Last month, the American Pain Society added to its recommendations to health care providers regarding the diagnosis and treatment of low back pain .
In addition, the Society decided to discuss openly procedures that could be risky to sufferers of low back pain, including recommendations on surgery and other invasive therapies.
Unfortunately, there is not a significant body of good evidence to justify unquestioningly embracing these new recommendations. It is difficult to find well-done clinical studies which support the use of a number of the more invasive treatments used for chronic low back pain.
The initial set of guidelines for the management of chronic low back pain were published in "Annals of Internal Medicine" last October. However, these recommendations dealt more with the initial evaluation of a low back pain patient, and included thoughts on what type of x-rays to order in addition to more conservative treatments such as massage/manipulation and exerci...
I have migraines that cause my face to go numb, both my legs to go weak and get pins and needles and burning sensations. I can have altered sensation in both my feet and legs at the same time, this usually only lasts for short periods of time but happens on and off with twitching in the numb areas. Sometimes this can make it difficult to walk. I can also get a tingling tongue. I also sometimes get stabbing eye pain. I never feel sick or light sensitive but I have stabbing like pains in my head, like an electrical bolt. I have had repeat brain MRI on a T3 machine which have been normal. I never usually get severe headache just more weird sensations in my head.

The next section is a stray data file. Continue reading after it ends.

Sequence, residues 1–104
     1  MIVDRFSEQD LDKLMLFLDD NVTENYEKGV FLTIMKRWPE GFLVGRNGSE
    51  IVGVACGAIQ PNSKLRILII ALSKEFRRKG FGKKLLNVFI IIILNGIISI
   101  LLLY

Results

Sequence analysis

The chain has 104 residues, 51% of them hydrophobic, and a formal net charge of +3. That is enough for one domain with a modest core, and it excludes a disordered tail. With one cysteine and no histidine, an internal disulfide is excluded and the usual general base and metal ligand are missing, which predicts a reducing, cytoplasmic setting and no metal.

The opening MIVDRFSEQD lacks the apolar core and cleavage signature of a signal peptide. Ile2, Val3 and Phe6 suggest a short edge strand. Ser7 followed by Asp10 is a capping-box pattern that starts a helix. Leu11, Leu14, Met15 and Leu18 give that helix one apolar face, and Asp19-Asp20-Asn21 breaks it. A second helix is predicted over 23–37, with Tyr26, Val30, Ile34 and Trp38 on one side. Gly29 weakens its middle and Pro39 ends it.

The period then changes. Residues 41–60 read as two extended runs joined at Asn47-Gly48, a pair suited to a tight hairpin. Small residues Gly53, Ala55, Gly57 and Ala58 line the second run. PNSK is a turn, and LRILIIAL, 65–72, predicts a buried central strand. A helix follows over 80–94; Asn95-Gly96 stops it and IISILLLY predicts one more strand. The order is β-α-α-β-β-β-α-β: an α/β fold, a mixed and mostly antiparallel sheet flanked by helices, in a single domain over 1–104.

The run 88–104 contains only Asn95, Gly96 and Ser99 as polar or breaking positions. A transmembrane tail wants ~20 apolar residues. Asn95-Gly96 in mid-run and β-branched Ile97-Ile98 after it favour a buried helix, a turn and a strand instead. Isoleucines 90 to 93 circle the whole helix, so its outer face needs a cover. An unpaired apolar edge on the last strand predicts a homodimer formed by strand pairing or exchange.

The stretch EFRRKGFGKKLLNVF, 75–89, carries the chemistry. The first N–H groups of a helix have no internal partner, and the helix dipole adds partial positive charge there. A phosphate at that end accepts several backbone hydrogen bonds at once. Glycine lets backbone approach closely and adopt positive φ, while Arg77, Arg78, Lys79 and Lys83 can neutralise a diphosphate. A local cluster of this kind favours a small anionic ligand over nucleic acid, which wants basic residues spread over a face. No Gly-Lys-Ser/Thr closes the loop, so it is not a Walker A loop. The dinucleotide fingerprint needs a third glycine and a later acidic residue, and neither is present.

Can migraine cause both legs to go numb at the same time? Or both arms at the same time? I was told migraine is only one sided? I have had spinal MRI and this is normal too.
Thank you for any info. Cheers, Eleanor.
Although the headache and many of the other sy...
There aren't very many long-term studies of results after surgery to repair the anterior cruciate ligament. And many changes have occurred in the last 10 years in the way this procedure is done. In this study, surgeons from France report on 101 knees with an ACL injury. All were repaired with the same bone-patellar tendon-bone (BPTB) arthroscopic graft technique. In January 1993, they started a computer database of all patients having ACL reconstructions. Data gathered included patient age, time between injury and surgery, and symptoms. Joint laxity (looseness) was measured with a special device called the KT-1000 arthrometer . X-rays were used to look at joint space and alignment. Function and sports activity were measured with the International Knee Documentation Committee (IKDC) classification tool. And it was recorded whether or not the meniscus (knee cartilage) had been removed. The authors report about slightly more than half of the patients had a meniscal tear. Most of these were ...
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